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Jonathon Pierce belongs to a dwindling breed in Salt Lake City: He's a street-cart vendor.

Three years ago, 50 people bought permits to operate street carts in the city. Now just three vendors ply their wares on downtown streets.Pierce, who officially launched his entrepreneurial venture Monday, figures he's bound for success - if he can build a loyal following for his Jonny's Smokin' Grille. But opening day turned out to be rather slow.

"I don't have the word out yet," Pierce said Monday at noon, as he manned his cart at 201 S. Main.

Lots of luck, one of Pierce's predecessors says.

"We thought for sure it would be great," said Georgia Hendricks. She and her husband, Craig, operated two carts when the program kicked off in summer 1991.

The Hendricks' watermelon-motif carts, staffed by teenagers, offered passers-by fresh-squeezed lemonade, fruit cups and frozen fruit bars. They made $112 on their best day; they made $40 on the average day.

"People are leery of buying things from a cart," said Georgia Hendricks, who gave up the carts and opened Juice Etc., a sandwich and juice bar instead. "That's the only thing I can think of. I just think people weren't ready for it."

Pierce is counting on Salt Lakers coming of age as far as street carts go. An East Coast native, he grew up thinking street-cart vendors were as common in cities as park benches.

"It just seems like part of the bigger city to have something like this," Pierce said.

That's what city officials thought when they set up the street-cart vendor program. Street carts would add ambiance to downtown, they said. About 80 people applied for cart locations; 50 actually paid permit fees.

Six months later the number of street-cart vendors dwindled from 50 to a handful. Last year only one cart vendor braved Salt Lake City's streets - Haroon Mohammed, the sole entrepreneur who's been with the program since its inception and now operates in front of Crossroads Mall.

Peter Kaminsky, the third cart vendor, began selling ice cream products in front of ZCMI last week.

"I think a lot of people thought, `I'll buy a cart, stick somebody out there and make tons of money,' " said John Spencer, real property agent for the city.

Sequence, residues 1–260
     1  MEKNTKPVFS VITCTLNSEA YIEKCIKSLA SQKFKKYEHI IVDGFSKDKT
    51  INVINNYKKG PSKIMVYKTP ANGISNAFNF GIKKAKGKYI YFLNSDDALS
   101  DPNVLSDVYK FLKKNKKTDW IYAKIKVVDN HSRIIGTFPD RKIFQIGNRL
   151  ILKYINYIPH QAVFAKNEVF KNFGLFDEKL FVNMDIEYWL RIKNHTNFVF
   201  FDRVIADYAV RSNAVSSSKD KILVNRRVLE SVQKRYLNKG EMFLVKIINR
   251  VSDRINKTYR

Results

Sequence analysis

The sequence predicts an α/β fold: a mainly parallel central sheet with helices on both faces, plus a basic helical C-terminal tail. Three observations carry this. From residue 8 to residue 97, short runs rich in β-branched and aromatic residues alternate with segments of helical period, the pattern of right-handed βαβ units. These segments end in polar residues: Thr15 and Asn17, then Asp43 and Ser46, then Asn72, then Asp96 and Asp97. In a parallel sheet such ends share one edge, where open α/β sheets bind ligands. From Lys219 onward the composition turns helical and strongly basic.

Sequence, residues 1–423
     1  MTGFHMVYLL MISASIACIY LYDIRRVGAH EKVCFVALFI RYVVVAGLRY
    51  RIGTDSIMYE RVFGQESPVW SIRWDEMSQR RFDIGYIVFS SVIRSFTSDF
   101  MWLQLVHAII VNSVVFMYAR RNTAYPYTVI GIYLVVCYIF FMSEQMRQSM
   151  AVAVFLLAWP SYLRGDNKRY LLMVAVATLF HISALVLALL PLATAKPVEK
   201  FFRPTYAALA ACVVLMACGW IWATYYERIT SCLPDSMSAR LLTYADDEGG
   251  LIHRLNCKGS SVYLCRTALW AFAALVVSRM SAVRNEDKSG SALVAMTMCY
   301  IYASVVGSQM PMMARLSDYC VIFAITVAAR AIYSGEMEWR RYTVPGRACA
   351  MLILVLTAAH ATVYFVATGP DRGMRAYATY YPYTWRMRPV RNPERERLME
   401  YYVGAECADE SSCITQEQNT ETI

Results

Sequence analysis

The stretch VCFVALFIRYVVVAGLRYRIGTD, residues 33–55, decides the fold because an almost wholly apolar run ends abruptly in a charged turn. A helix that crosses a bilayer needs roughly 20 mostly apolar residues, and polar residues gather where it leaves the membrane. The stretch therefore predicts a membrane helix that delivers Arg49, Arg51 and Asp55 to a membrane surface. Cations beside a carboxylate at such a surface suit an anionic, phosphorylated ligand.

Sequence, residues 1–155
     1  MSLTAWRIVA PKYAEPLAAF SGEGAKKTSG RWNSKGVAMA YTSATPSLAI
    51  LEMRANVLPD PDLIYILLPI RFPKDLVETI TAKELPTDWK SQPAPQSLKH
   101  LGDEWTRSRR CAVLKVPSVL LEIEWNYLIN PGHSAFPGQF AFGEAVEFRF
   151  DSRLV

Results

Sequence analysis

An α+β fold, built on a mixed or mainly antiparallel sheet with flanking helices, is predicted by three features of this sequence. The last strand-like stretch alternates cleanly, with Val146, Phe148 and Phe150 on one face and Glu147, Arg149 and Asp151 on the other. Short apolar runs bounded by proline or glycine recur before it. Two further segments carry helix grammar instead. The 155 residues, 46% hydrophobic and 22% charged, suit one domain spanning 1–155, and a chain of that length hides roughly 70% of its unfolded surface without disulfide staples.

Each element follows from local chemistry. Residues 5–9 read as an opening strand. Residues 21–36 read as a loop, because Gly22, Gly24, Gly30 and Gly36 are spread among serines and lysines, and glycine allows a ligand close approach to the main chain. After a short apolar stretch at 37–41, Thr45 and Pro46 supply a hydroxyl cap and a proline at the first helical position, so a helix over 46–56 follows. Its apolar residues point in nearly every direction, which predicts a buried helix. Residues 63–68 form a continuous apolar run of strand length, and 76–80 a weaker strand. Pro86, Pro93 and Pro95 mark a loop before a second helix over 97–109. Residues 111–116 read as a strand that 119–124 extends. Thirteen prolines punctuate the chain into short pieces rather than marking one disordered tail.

It didn't happen, and the demand for street-side sales has proved to be far less than city planners anticipated.

"We've opened it up legally so people can do it, but we can't force the market," said Doug Dansie, principal city planner. "I think we'll always have one or two out there, but basically I guess that's what the market can handle."

City ordinance allows vendors to sell food, balloons and flowers from carts between South Temple and 900 South and 200 East and 400 West. Initially the ordinance allotted eight vendors per block; the city now allows two carts per block along Main Street and one vendor on other blocks.

Spencer said the city recognizes the need to make it easier for vendors to get necessary permits.

"We're trying to make it as easy as possible to get carts back out on the streets," Spencer said. "We have reduced the vending-cart fee a little bit to try to encourage them."

Still, as Pierce can attest, getting into the cart business takes persistence and patience. He spent the past 31/2 months crunching numbers to estimate sales, getting approvals and setting up his business.

"It's been a long process," he said. "I felt as though I was paving a road when I went through the process."

Pierce says he encountered obstacles at nearly every turn. He contacted about a dozen insurance companies before finding one that would cover his business. He was directed back and forth between the Salt Lake County Health Department and Salt Lake City offices trying to get his open-air grill approved.

Pierce also had to search diligently to find a commissary to use for his business.

"That was the biggest hurdle - trying to find a commissary to operate out of," Pierce said. Pierce managed to line up use of kitchen and storage facilities through his bagel supplier.

The Health Department requires cart operators to use a licensed commissary to store food supplies and carts and for cleanup. The commissary many cart vendors used initially, operated by Art Carlson, shut down in December from lack of business.

"I opened it initially with the idea I would have a number of carts, but when it got down to one cart, it wasn't economically feasible," said Carlson, who also owns Art's Carts, a cart-manufacturing business. "I think the expectations of many cart owners exceeded the reality, and they weren't patient enough to stay with it."

Pierce figures it cost him at least $10,000 to open his cart, including about $400 in city, county and state fees. The bulk of the expense came in buying a cart, which according to Carlson, costs $5,000 to $8,000.

Pierce expects to gross as much as $50,000 operating year-round serving breakfast and lunch fare from the cart.

"I think I can make money off it and make a go," Pierce said, his voice tinged with confidence.

If all goes well, Pierce hopes the street cart will be a springboard to owning his own bar and grill restaurant.